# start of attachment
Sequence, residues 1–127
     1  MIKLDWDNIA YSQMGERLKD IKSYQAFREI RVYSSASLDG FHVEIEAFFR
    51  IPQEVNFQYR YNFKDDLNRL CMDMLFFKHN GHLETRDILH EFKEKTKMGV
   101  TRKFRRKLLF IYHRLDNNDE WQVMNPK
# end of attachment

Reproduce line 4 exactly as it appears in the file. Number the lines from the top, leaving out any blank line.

   101  TRKFRRKLLF IYHRLDNNDE WQVMNPK